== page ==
You must indulge in a pub crawl while in Dublin, where beer is taken almost as serious as football (aka soccer). Instead of meshing with rowdy tourists in the Temple Bar district, head to the iconic O'Donoghue's (www.odonoghues.ie/bar) for a pint of ale and listen to musicians playing Irish folk tunes in the corner of the usually crammed bar. A half block away is Doheny and Nesbitts (www.dohenyandnesbitts.com), another antiquated neighborhood pub, with more seating and higher ceilings than O'Donoghue's. The No. 27 Bar and Lounge (www.marriott.com/hotels/travel/dubbr-the-shelbourne), inside the Shelbourne Hotel, is active most nights of the week with a sexy, trendsetting clientele.
LGBT NIGHTLIFE & EVENTS
There's no recognizable Gay district in Dublin, although the handful of Gay bars are within walking distance of each other. The George (www.thegeorge.ie) is the oldest LGBT establishment in the city, an ample pub with full bar counter and balcony, plus a dance floor that doubles as a drag stage. Local performer Shirley Temple Bar emcees a well-attended Bingo night each Sunday with cash prizes, but you must arrive before 10 p.m. to avoid a cover charge. Down the street is The Dragon (www.facebook.com/dragonbar), a medium-sized dance lounge that attracts 20- and 30-somethings, primarily on weekends. New to the scene is Wilde Bar & Venue (6-8 Wicklow St.), a flashier nightclub with a mixed crowd on Fridays and Saturdays, and a Gay student night on Wednesdays. Two additional places to put on your list are The Front Lounge (www.thefrontlounge.ie) and Panti Bar (www.pantibar.com).
Outhouse (www.outhouse.ie), a gathering center and safe haven, is a vital resource to the LGBT community. Founded in 1996, it organizes various events in three multi-purpose areas - the Red Room, Library, and Theatre - as well as providing peer support and outreach to those in need. Guests are invited to hang out during business hours at the Cafe.
The International Dublin Gay Theatre Festival (www.gaytheatre.ie) is a two-week celebration of original stage productions, bringing acting troupes from around the world, including the United States, South Africa, Germany, Canada, and Italy. Now in its ninth year, the festival also spotlights many local artists and presents a diverse range of plays, musicals, and one-person acts in seven different theaters. This year's festivities run May 6-19.
EXPLORING & SHOPPING
An efficient way to see much of Dublin in a short time span is to ride the Hop-on/Hop-off Bus Tour (www.dublinsightseeing.ie), which slithers through crowded streets, narrow alleys, and urban communities on a double-decker, open-top bus. The tour includes 24 stops, including Christ Church Cathedral, the Book of Kells (at Trinity College), the Guinness Storehouse, and the Jameson Distillery, to name a few. Tickets can be purchased on board. The Guinness Storehouse (www.guinness-storehouse.com) is a definite do, even for non-stout lovers. Visitors aren't allowed into the brewing and fermentation plants situated in the same compound, but you can learn how Guinness rose from a beloved Irish beverage to a global beer giant with self-guided tours that finish with a complimentary drink at the top-floor Gravity Bar, where you'll be treated to panoramic city views. I found the tour informative and interesting, especially with the added splurge of the 'Connoisseur Experience,' a side tour that permits you to sample freshly sourced brews and private reserves in a VIP room for 25 euros extra. Christ Church Cathedral (www.christchurchdublin.ie) is one of two medieval cathedrals in Dublin, with construction dating back to 1030. The Cathedral is connected to another visitor attraction called Dublinia, which was a bit of a bore. The Book of Kells (www.tcd.ie/library/bookofkells), an illuminated Latin manuscript of the four Gospels, dating from the eighth century, is located on the Trinity College campus. Only two portions of the Book are on display at all times, and included with the exhibit admission is entrance to the Old Library. During warm months, get some exercise or picnic at the 1,750-acre Phoenix Park (www.phoenixpark.ie), home to the Dublin Zoo and the U.S. embassy, aside from bike and running trails, playing fields, tea rooms, and the People's Flower Gardens.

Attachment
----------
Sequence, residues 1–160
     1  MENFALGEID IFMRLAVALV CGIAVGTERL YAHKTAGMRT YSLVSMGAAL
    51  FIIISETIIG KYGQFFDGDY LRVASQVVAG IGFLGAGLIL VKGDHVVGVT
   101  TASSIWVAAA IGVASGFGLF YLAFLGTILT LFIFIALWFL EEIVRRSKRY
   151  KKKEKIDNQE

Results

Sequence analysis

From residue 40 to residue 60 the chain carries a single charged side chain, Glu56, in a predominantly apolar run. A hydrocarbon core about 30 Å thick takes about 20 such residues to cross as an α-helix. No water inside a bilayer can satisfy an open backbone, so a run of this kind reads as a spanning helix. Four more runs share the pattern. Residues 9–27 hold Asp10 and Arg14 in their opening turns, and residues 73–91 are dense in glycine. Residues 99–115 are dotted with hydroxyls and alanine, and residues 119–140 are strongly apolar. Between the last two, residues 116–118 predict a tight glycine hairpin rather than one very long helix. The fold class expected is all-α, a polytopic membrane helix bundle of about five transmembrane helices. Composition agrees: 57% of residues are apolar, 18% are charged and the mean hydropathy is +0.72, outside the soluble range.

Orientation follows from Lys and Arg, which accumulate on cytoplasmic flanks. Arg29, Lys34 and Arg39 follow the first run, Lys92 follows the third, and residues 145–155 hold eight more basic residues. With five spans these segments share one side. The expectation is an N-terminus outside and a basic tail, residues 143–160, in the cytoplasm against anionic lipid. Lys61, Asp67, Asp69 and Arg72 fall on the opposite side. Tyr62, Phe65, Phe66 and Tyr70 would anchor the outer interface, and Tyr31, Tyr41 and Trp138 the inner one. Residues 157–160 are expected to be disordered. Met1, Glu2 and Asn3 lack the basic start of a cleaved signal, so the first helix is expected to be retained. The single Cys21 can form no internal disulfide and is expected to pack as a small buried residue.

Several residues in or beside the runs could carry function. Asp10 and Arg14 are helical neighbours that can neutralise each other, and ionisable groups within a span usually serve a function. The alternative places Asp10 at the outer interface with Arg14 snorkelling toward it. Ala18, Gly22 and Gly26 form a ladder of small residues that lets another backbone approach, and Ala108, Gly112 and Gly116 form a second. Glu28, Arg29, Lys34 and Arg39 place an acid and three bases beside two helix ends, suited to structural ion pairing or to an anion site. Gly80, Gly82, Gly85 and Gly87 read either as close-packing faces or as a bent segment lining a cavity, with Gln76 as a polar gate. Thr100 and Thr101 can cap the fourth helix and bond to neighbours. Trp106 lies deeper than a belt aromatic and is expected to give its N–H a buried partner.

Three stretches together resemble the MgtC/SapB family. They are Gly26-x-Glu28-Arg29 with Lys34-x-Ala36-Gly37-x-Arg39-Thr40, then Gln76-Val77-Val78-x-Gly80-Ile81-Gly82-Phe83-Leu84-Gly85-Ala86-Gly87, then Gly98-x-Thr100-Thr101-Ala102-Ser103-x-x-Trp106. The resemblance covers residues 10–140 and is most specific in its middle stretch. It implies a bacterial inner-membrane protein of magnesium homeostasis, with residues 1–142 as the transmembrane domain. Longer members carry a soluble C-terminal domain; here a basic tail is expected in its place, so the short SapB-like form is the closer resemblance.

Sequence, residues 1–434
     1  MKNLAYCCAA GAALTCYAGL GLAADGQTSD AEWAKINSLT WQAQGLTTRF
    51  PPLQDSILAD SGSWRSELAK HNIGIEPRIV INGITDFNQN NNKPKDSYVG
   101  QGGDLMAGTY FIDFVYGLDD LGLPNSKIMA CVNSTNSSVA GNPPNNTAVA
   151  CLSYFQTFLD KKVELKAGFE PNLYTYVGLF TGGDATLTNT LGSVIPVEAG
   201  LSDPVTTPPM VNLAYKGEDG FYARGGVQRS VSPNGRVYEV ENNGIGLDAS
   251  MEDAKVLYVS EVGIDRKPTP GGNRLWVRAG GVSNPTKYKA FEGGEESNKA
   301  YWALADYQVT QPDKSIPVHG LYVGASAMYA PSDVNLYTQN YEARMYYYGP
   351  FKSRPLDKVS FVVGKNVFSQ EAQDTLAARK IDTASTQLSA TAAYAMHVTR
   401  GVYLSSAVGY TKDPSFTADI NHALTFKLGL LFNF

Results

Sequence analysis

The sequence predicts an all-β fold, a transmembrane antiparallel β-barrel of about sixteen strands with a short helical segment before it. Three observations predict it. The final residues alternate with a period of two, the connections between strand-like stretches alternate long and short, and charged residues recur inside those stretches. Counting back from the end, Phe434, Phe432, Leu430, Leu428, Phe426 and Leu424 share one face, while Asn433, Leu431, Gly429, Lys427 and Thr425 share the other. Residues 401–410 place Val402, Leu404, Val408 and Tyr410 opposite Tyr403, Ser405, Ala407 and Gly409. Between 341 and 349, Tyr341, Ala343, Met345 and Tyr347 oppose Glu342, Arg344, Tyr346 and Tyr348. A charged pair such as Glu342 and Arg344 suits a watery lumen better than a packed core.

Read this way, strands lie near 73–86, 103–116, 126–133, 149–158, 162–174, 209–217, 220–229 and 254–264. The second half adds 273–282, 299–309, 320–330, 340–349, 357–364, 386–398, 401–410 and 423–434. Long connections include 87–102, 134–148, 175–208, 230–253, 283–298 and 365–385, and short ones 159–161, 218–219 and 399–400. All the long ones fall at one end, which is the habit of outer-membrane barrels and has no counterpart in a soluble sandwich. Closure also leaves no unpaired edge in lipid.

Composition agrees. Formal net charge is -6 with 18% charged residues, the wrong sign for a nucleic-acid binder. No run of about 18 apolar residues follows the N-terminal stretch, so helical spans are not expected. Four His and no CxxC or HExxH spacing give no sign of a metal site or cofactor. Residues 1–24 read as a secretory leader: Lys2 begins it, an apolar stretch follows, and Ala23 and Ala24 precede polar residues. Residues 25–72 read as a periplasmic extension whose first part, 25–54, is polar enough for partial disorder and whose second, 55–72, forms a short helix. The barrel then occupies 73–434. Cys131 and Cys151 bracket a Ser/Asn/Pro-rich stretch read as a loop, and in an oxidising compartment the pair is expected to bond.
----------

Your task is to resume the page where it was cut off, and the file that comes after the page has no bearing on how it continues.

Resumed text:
Going to the movies while on vacation might be an unconventional choice for entertainment, but it does bring you in from the cold (or heat) and gives your feet a rest. In Dublin, attending a screening at the Irish Film Institute (www.ifi.ie) provides an opportunity to interact with other moviegoers at its on-site cafe and adjacent restaurant. The IFC shows mostly independent films in intimate theaters and sponsors seminars and special events year-round. The Museum of Archaeology and History (www.museum.ie) was fascinating, and is a good place to learn about Irish heritage.
For shoppers, there are deals to be had. Brand name fashionistas will love Brown-Thomas (www.brownthomas.com), a cross between Barney's, Nordstrom, and Banana Republic. For vintage and inexpensive used items, I suggest the Saturday-only Ha'penny Indoor Flea Market (35 Lower Liffey St.), while the George St. Arcade (www.georgestreetarcade.com) is recommended for artisan-crafted merchandise. Stephen's Green Shopping Centre (www.stephengreens.com), a tri-level mall with an atrium-style glass roof, and Jervis Shopping Centre (www.jervis.ie), a two-floor mini-complex with corporate retailers and a food court, are both worth checking out.